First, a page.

Not much to look at on the outside, Mercato Testaccio is a vibrant neighborhood market in the working class neighborhood of the same name. It is a quintessential mercato providing its neighbors with house wares, clothing, leather goods and food at affordable prices. Some think it is the most classic market in Rome. I have no idea, but I can tell you for a fact that leather goods were being offered at very good prices.
Perhaps they were older or unpopular styles, but I was very happy with my leather shoulder bags for 50 euro each. They came in suede, cow hide and lamb skin and were better than prices I’ve paid in the San Lorenzo market in Florence. “That’s my brown bag in the lower left corner”, she said with pride. I also came home with a large black shoulder bag that will come in handy for future trips since my travel umbrella fits inside.
Shoes were in plentiful supply in the many stalls that carried them. They were divided into men’s, women’s and children’s stalls and served a broad range of tastes. The market was bustling that day and the crowds were so heavy around these vendors, I was beginning to wonder if shoppers came here from all over the city. The jostling was so bad, I lost half of my photos because they were out of focus. Too bad because many of the styles of women’s shoes were better than those you see here.
Beef reigns supreme at this market, but as you can see by the top photo on the left, horse meat is also a popular product here and throughout Italy. Donkey meat is also part of the local cuisine in the rural south, but no vendors were present at this particular market. The bottom photo on the right is actually a salumeria that specializes in pork products.
The reason I use the term supreme in describing the beef is that there was quite an amazing selection of Chianina beef in this mercato. A special breed of cattle, the Chianina are raised and slaughtered for the best beef available in Italy. Think of it as grass fed, prime grade American beef, but better. Every authentic Steak Fiorentina is produced from Chianina beef. Don’t bother trying it in a restaurant in any country other than Italy.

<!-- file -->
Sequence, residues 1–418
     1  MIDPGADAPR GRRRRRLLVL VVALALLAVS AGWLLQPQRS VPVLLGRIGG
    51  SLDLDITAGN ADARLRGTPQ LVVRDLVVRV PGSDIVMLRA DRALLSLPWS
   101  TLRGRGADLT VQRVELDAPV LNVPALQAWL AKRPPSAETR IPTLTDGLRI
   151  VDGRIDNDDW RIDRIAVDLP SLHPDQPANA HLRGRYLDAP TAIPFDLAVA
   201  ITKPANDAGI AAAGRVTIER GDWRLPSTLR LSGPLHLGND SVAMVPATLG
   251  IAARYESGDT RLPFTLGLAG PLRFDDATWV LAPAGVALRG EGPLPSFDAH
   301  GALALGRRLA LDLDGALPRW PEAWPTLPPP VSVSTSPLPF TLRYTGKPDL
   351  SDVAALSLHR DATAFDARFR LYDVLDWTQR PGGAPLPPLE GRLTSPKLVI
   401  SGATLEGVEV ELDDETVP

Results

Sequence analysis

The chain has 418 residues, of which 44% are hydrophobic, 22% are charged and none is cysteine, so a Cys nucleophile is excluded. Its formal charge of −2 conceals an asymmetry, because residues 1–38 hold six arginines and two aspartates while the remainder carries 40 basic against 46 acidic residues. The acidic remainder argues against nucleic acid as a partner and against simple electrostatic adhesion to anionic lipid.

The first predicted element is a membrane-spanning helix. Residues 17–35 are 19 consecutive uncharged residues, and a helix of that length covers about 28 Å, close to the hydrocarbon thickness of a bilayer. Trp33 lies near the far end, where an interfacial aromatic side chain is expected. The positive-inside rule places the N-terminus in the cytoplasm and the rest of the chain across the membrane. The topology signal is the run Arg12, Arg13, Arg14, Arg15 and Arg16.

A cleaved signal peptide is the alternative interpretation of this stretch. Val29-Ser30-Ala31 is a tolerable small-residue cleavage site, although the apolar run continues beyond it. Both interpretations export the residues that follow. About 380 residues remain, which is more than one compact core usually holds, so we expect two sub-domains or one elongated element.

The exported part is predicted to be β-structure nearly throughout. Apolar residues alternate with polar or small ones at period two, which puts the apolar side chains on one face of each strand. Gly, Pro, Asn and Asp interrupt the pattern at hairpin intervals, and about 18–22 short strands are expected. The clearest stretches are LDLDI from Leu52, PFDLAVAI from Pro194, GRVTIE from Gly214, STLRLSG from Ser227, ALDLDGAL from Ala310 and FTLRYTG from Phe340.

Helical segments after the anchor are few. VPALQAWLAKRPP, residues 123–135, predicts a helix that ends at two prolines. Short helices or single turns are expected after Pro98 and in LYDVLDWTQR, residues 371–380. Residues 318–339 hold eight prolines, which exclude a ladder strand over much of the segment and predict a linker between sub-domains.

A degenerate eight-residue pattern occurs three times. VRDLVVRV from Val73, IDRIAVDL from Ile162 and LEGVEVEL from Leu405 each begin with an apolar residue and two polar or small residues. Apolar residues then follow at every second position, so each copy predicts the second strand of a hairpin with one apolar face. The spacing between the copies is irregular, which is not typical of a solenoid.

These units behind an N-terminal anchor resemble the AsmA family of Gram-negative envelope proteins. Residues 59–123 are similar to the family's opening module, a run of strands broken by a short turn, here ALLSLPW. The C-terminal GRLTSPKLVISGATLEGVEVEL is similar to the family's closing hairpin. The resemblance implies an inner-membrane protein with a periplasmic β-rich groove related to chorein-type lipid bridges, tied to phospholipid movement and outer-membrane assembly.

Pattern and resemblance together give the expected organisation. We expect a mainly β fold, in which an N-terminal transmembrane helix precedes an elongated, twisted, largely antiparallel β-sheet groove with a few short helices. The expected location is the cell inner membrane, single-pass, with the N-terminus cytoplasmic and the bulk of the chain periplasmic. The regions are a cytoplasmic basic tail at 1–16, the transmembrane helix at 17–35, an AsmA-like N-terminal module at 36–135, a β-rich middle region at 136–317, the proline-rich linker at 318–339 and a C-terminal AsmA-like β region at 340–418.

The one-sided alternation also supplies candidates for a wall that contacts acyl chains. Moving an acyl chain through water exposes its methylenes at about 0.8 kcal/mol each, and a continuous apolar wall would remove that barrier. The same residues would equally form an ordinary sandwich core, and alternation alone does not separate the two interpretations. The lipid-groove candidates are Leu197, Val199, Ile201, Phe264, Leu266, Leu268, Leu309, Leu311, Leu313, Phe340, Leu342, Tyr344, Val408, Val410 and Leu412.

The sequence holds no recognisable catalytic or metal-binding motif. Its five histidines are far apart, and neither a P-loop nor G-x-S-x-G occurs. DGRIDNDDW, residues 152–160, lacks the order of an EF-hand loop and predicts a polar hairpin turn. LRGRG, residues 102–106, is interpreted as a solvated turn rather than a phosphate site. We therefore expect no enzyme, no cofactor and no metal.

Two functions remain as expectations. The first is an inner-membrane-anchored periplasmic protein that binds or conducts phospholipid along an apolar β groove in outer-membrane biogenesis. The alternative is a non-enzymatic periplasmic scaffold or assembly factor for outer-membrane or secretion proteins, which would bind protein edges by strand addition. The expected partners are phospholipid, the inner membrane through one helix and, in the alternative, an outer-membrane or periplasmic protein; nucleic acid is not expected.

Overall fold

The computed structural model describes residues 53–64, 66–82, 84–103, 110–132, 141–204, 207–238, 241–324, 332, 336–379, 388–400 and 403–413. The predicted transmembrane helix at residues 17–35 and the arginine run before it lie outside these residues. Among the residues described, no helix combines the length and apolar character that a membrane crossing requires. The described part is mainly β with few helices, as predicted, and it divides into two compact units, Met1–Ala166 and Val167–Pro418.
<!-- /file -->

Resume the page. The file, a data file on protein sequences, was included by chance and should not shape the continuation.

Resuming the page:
Besides the Chianina, horse, and swine, you could quench your blood thirst with rabbit, lamb or poultry, if you were lucky enough to shop at this market. As a tourist, you might consider eating a roasted pork sandwich that is commonly sold at markets such as this one. I did see a vendor, but didn’t get a good photo. If you’re really hungry, try Palombi (also reviewed here and in RestoReco) across the street from the market on the east side of Piazza Testaccio.
At least 3 fish vendors supply the neighborhood with very fresh fish, all side by side in the market, all yelling out their offerings like you would see in a travelogue of the Mediterranean. It’s quite an attention getter, but so were the metallic plastic ribbons swirling around their heads, in an attempt to keep flies off of their wares, some of which are pictured below:
Some of the fish mongers were also selling freshly filleted anchovies. Other items I failed to photograph were shellfish such as clams and mussels, something you always see at the markets in season. Red mullet is another very typical fish sold all over Italy as well as orata and swordfish. Salmon was a bit of a surprise for me to see.
This is a great spot for a break because I happen to love fresh porcini and chanterelles. As you can see, these are precious commodities in Italy too, but you don’t need many to really make a recipe sing with their earthy taste. Take a look at how firm the porcini appear, that is the best way to buy them. If the stems feel a bit spongy don’t buy them.
There were plenty of produce stands selling fruit, but after reviewing my photos, it seems I missed plenty of them, instead focusing on cherries and the loquats that fascinated me by their size. They were almost as big as apricots and I was lucky enough to be offered some with my breakfast in Matera, Basilicata. But more of that later. It was nice to see vendors selling pastry, nuts and prepared antipasti. One could be very content to live in Testaccio and shop at this market.
The bakery stall wasn’t that big, but it sure packed a lot into a small space. The pizza bianca, the long flat bread above is typically Roman as are the rosetta rolls next to it on the left. I’d never seen the rolls in the larger photo before, but hope to try them on my next visit, because they look so flakey. I doubt they are buttery, but find their shape and the fact that you can pull them apart intriguing. The pizze in the photo below look delicious and you’d be hard pressed to choose just one. They are from left to right tomato paste, zucchini, mushroom and potato with rosemary.
Mercato Testaccio is located on Piazza Testaccio just west of Via Marmorata
Open Monday to Saturday 8:00 a.m. thru 2:00 p.m.